Communication in social insects such as ants is based on intelligent criteria that integrate information from multiple variables, but the identity of these variables has been unclear. In a brief communication in May 1 Nature, Michael Greene and Deborah Gordon from Stanford University show that cuticular hydrocarbons, which differ according to task, are used by workers of the red harvester ant to recognize the tasks of the ants that they encounter (Nature, 423:32, May 1, 2003).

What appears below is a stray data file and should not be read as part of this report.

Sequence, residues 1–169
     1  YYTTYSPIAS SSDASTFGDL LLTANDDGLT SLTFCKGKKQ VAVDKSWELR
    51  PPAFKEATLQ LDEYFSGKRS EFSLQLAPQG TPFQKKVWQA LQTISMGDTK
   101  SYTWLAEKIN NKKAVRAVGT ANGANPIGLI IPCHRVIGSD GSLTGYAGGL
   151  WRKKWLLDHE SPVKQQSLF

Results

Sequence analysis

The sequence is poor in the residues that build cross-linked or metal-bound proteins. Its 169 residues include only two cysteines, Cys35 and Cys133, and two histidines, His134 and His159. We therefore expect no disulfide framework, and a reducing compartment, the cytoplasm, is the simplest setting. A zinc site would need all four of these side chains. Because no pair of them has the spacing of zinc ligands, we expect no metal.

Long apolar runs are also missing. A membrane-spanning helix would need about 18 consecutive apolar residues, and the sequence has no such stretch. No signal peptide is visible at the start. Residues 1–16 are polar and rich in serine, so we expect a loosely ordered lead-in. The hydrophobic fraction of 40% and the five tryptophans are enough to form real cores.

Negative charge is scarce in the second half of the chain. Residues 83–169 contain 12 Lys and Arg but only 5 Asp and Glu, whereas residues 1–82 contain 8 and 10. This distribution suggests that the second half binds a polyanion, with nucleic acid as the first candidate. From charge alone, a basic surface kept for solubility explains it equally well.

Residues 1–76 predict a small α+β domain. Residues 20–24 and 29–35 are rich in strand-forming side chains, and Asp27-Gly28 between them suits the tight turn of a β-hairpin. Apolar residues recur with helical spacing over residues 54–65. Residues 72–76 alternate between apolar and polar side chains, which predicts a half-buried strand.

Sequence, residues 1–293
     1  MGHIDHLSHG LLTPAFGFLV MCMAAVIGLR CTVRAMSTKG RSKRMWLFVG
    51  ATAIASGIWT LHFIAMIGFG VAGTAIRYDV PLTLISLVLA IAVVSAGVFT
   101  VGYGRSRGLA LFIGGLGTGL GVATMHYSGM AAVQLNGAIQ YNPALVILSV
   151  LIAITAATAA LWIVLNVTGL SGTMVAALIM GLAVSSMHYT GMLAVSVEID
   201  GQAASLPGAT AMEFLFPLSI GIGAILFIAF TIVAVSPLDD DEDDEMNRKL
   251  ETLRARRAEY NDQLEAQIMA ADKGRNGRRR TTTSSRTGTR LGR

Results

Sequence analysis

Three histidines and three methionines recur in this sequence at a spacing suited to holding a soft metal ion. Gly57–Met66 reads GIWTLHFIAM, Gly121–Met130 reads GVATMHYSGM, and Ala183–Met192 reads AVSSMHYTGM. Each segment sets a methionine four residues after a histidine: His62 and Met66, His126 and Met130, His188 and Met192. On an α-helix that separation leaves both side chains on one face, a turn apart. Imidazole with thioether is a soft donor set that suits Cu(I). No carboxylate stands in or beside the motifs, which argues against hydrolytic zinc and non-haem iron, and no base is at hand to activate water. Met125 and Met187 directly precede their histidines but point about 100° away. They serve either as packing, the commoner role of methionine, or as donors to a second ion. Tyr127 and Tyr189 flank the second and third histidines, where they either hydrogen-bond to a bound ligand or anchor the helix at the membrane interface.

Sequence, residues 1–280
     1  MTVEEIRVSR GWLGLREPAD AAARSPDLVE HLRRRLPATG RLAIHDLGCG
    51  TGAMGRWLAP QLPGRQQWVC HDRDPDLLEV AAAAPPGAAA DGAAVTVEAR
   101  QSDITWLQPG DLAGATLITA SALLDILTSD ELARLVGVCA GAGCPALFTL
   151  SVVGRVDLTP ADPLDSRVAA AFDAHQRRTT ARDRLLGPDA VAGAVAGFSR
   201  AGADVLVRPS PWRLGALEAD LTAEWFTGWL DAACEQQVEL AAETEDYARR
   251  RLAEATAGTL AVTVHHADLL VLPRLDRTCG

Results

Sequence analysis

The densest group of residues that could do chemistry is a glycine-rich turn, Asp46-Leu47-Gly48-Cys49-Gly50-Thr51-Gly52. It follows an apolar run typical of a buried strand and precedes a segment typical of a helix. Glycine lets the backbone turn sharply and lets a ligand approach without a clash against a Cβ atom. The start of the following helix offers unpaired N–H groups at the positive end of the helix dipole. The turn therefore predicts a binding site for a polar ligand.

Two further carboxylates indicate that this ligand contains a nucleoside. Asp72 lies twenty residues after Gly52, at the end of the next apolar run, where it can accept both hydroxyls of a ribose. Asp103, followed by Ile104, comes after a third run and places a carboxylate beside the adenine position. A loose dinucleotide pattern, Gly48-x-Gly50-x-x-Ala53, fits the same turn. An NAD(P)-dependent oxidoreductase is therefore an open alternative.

Greene and Gordon studied nine mature colonies of the red harvester ant (Pogonomyrmex barbatus) at a well established study site in Rodeo, New Mexico. P. barbatus is a seed-eating, desert-dwelling species whose workers can be grouped into foragers (who collect food) and patrollers (who scout the foraging area). Greene and Gordon mimicked the flow of returning patrollers by dropping 3-mm glass beads into the nest at 10-second intervals. The...

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